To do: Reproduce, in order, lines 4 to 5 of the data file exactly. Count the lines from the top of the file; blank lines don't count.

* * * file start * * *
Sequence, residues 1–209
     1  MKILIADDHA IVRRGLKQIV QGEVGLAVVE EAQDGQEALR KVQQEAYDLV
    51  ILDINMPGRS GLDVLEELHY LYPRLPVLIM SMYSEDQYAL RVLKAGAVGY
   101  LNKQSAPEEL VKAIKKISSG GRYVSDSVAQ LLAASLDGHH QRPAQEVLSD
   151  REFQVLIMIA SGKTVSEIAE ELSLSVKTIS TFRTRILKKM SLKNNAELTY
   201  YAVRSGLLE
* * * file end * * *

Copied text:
   101  LNKQSAPEEL VKAIKKISSG GRYVSDSVAQ LLAASLDGHH QRPAQEVLSD
   151  REFQVLIMIA SGKTVSEIAE ELSLSVKTIS TFRTRILKKM SLKNNAELTY